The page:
Alice Ananian
Alice moved from Washington, DC in July 2011 and is currently the Content Coordinator at the AUA. Passionate about all things Armenia from extraordinary adventures to every day life, she enjoys capturing the country from different perspectives.
Feb 3, 2017
9 Common Customs & Superstitions in Armenia

If you’ve ever felt comforted by the sound of water splashing behind you as you take your luggage out to the car, you’ll know what I’m talking about. Like any country, Armenia has its customs that make up the subtleties of our daily lives. Some superstitions find their way into our mannerisms so stealthily we often forget their meaning. However, in the spirit of knowing what we do and why, below is a list of common practices you’re likely to see in Armenia, ranging from international to more local/regional flavors.

Knocking on Wood
Knocking on wood is considered standard practice in many countries and is just as prevalent in Armenia. It’s typically used to avoid tempting fate after making a favourable or positive observation or declaration concerning someone's death or other unfavorable situation beyond their control.

(If a beautiful rustic door like this is out of reach, a good ol’ table top will do just fine.)

The Evil Eye

This superstition has a regional prevalence and extends to many Mediterranean and Asian cultures. The evil eye or char atchk is a curse believed to be cast by a malevolent glare, usually given to a person when they aren’t looking. To deter the ensuing misfortune or injury, we carry talismans, charms or even pinch the person we believe to be the victim of such an ill-meaning gaze. 
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In conversation, if you feel someone has been “given the evil eye” you might say “atchkov en tvel.” (Fair warning: If you’re referring to yourself, pinching may follow.)

The Tailor’s Taboo
The list of superstitions among seamstresses and tailors is probably longer than the thread itself, but having several costumes home-sewn in Armenia there’s one that strikes me the most.
Credit: Photo Atelier Marashlyan
Sewing a garment while wearing it is considered bad luck. There’s a risk you might “sew your memory short”. So if you absolutely must make a quick alteration, be sure to bite down on a piece of red thread to fend off the negative side effects. 

Crossing out Spilled Salt
Spilling salt is considered to be a bad omen and one that is foretelling of a fight. To negate supposed effects, you’ll probably see people literally crossing it out since the cross is a sign of peace. Crisis averted!
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Cleaning up at night
Whether its making a path across with a broom, taking out the trash, or even shaking crumbs off the tablecloth, Armenians are among those who don’t believe in cleaning up after dark. “Tan ghsmatd ktapes”, meaning you’ll throw out your wealth. Arguably, the superstition can be traced back to its logical roots when there was no electricity, and people avoided sweeping floors in the dim light because they might inadvertently sweep out fallen valuables.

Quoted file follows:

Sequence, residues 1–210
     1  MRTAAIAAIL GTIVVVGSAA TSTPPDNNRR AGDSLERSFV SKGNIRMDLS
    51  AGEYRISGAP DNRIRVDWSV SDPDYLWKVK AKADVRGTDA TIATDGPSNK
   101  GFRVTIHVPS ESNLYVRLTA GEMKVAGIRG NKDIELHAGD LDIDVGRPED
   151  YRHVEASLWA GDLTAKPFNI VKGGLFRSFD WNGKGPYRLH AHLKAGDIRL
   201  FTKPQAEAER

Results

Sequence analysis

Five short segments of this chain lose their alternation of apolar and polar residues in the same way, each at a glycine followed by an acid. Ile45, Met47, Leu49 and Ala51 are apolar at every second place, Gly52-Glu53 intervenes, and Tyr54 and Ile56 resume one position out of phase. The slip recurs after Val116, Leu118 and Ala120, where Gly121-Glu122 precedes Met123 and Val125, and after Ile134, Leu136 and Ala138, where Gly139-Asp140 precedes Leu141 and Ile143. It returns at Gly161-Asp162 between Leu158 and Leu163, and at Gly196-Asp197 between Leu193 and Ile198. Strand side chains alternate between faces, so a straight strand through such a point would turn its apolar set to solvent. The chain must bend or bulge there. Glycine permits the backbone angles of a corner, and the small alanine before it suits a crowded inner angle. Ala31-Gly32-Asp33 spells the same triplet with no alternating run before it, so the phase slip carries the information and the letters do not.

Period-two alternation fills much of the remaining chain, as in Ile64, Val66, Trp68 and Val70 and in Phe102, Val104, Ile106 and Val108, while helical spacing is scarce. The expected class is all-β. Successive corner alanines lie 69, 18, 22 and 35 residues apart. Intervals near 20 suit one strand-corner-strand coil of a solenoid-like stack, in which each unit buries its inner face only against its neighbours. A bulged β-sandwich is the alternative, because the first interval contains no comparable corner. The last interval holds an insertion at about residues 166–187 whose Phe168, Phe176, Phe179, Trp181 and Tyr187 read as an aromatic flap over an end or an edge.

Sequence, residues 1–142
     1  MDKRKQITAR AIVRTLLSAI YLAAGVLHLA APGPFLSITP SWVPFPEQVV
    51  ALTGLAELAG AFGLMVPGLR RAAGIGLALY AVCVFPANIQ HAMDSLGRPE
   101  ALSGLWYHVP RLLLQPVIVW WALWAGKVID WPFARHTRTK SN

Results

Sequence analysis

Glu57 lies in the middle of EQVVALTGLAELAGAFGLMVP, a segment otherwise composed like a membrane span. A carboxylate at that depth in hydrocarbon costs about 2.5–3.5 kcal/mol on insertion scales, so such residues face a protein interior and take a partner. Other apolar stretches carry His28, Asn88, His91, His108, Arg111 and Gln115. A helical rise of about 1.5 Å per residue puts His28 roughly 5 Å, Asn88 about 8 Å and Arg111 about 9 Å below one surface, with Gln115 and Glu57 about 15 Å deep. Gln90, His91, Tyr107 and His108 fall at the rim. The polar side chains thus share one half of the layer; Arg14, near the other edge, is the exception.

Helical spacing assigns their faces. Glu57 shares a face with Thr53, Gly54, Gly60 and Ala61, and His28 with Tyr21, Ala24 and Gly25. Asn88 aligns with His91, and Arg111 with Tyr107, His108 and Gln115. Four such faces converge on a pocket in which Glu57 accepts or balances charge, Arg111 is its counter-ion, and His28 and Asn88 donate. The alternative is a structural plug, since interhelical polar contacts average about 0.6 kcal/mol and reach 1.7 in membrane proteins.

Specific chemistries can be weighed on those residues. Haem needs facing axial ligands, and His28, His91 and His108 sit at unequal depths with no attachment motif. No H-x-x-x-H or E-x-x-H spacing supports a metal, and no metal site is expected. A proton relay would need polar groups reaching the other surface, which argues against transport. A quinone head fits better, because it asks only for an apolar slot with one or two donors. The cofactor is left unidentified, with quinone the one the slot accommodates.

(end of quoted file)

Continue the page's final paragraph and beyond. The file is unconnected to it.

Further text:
Source: MediaSalon
Consequently, we’ve come to avoid all activities that require cleaning up at night.
Sure, there’s electricity nowadays, but inevitably we all think twice before ignoring the set policy.

Itchy Palms  

Across different cultures there seems to be a consensus that itchy palms mean money or financial dealings. In Armenia, an itchy left palm is indicative of money to be paid out, while an itching right palm means money coming in. 
Credit: Lilit Khachatryan
If you have a yogini among friends, you may have heard that itching palms often show new internal energy moving through our hands– the left hand is the passive or receptive, and the right is the active. So when the left palm itches, we look for new energy or services coming into our lives, which probably will cost us some money. The right palm itching means energy or services going out or work you might get paid for.

Passing Knives or Scissors 

Of course, there’s a common-sense reason why care should be taken when handing someone sharp instruments, but that’s not all. When a pair or scissors or knife is being passed from one person to another it's customary to place it on the table first and let the other person pick it up, so as to avoid any conflicts or arguments. 
Source: Pintrest
Also in the cutlery department, dropped silverware means “company’s coming!” If it’s a knife – a man; a fork or spoon – a woman.

Burning Khung

Frankincense, or khung, is often associated with church and burned at several points throughout the patarag or any major event. Burning khung is seen as an offering, similar to the offering of prayer and the rising smoke represents the prayer ascending to heaven. During the Home Blessing, incense is customarily burned to symbolize the burning of our souls with the Lord's love. 

However, khung isn’t necessarily limited to formal settings. Many people keep a pouch at home and light a portion every so often to cleanse and bless their house.

Splashing Water

When someone leaves the house for travel or important events, like the first day of a new job or joining the army, those who stay behind usually splash some water behind the person as they leave. This means good luck, and in case of a travel that all the things in the person’s journey will run as smoothly as the flow of water.
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If you’ve ever had to catch a redeye out of Zvartnots Airport, chances are you’re familiar with this practice. Whether you leave for long distance travel or for a day jam-packed with meetings, it’s nice to hear that splash and know there’s someone waiting for you when you return.